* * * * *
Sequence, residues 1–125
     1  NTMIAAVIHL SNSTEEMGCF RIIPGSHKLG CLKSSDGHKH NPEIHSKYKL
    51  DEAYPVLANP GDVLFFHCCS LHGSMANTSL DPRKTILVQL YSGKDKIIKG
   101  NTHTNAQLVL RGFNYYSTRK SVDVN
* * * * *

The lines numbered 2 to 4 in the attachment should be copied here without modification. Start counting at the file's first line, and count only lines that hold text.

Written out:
     1  NTMIAAVIHL SNSTEEMGCF RIIPGSHKLG CLKSSDGHKH NPEIHSKYKL
    51  DEAYPVLANP GDVLFFHCCS LHGSMANTSL DPRKTILVQL YSGKDKIIKG
   101  NTHTNAQLVL RGFNYYSTRK SVDVN